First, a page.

Your inheritance is the property you receive from someone upon their death. It can include cash, investment accounts, retirement accounts, real estate, life insurance policies, jewelry, cars, fine art, antiques, and other assets.
Understanding what an inheritance is and how it works can help you minimize any taxes you may owe.
Definition and Examples of an Inheritance
An inheritance refers to any assets a person leaves to someone else after they die. It could include property such as cash, investment accounts, retirement accounts, real estate, life insurance policies, jewelry, cars, and other valuables.
When you receive an inheritance, you are considered the beneficiary. Someone can name more than one person to be a beneficiary of their property after they die.
For example, your mother may leave you her house, life insurance proceeds, and bank accounts to you as your inheritance in her will. She may leave her investment accounts and jewelry to your sibling, so that property would be their inheritance.
How an Inheritance Works
How an inheritance works depends on how assets are designated to be transferred. There are a few ways this can occur, including outside of probate, via a living trust, for example, or through probate. If there's a will (and no living trust), it’s submitted to probate to start the distribution process.
The probate court begins this process by authenticating the last will and testament and appointing the executor of the estate. The executor pays any debts and taxes owed by the deceased before distributing the remaining assets to their rightful beneficiaries.
If a person dies without a valid will, or “died intestate,” their assets still go through the probate process. Their assets are divided up based on the state’s “intestate succession” laws instead of the deceased’s wishes. In most cases, assets go to their closest relatives.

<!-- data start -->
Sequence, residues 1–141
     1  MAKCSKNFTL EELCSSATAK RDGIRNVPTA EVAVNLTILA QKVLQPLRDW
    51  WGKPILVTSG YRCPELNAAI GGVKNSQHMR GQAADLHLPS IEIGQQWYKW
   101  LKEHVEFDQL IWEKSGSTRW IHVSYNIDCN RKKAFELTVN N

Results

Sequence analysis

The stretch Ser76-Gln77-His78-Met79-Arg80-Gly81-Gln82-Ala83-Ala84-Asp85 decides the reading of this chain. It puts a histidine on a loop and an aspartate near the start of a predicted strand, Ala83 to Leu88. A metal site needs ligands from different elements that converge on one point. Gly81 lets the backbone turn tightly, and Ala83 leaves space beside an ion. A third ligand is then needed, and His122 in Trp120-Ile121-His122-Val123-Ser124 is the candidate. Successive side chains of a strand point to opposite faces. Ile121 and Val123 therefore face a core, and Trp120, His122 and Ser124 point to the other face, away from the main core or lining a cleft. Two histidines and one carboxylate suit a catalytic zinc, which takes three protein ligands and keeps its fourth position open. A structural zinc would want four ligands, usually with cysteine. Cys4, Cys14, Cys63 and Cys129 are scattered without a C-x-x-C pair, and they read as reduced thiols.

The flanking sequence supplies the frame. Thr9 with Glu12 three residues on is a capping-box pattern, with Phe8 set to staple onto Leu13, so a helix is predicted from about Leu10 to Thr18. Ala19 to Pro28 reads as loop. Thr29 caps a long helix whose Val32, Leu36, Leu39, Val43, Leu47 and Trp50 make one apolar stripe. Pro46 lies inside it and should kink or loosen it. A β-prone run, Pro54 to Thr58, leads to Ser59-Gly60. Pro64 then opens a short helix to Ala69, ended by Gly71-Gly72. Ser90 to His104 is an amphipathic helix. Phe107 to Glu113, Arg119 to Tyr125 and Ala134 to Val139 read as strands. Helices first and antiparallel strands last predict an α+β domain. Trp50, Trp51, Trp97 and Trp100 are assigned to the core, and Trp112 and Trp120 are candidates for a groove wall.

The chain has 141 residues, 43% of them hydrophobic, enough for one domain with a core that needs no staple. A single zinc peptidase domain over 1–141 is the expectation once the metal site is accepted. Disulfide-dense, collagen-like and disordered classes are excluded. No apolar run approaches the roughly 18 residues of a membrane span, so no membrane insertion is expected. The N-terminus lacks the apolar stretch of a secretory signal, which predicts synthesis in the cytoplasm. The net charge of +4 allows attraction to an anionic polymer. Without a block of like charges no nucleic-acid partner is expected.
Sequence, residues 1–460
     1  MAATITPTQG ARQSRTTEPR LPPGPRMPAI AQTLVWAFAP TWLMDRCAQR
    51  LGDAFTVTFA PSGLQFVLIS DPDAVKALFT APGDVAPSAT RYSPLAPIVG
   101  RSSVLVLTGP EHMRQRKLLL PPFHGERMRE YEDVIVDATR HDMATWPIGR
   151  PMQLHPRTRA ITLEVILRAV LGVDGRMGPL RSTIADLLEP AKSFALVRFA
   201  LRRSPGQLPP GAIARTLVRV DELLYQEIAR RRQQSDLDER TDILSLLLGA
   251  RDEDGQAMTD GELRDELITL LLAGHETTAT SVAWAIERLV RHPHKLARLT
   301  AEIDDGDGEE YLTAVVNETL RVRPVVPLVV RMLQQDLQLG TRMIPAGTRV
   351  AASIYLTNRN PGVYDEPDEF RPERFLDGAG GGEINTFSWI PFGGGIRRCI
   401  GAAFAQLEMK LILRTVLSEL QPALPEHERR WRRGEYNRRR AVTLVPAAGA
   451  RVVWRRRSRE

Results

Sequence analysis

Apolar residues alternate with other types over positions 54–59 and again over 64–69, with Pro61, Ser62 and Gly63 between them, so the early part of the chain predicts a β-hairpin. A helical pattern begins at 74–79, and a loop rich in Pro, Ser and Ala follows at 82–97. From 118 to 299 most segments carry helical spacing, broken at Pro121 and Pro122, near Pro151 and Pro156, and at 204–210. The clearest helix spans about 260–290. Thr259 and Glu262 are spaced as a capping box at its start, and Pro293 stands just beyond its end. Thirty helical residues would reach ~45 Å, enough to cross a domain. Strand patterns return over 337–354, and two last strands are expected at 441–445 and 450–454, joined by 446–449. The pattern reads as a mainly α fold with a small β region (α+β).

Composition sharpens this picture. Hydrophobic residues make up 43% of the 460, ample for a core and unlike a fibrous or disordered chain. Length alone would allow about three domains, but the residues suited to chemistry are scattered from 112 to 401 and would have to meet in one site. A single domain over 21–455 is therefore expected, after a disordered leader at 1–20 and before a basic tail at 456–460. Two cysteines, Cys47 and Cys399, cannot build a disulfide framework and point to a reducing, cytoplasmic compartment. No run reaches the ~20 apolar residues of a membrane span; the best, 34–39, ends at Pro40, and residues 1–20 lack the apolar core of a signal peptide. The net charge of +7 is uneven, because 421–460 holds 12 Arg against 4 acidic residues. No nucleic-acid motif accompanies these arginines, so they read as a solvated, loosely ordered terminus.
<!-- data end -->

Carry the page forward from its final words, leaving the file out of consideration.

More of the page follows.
Assets that are jointly owned, have a designated beneficiary, or are held in trust may not have to pass through probate, even if the deceased person did not have a will. For example, bank accounts with a payable-on-death beneficiary and life insurance policies with a named beneficiary pass directly to the recipient. Jointly-owned assets also go directly to the surviving co-owner.
What You Should Know About Inheritance Tax
If you receive an inheritance, you should be aware of the tax laws that will apply. You could potentially pay various taxes on an inheritance, such a state inheritance tax.
Six U.S. states have an inheritance tax:
- New Jersey
Surviving spouses are always exempt from inheritance taxes. In some states, children may also be exempt or face a lower tax rate. Beyond that, the amount of inheritance tax you pay depends on your relationship with the deceased and the state laws. Generally, the closer in relation you are to the deceased, the lower your tax rate.
For example, in Kentucky, you’re exempt from all inheritance taxes if you’re a surviving spouse, parent, child, grandchild, brother, or sister. You pay a 4%-16% inheritance tax (with a $1,000 exemption) if you’re a niece, nephew, aunt, uncle, great-grandchild, daughter-in-law, or son-in-law. All other people and organizations pay a 6%-16% tax (with a $500 exemption).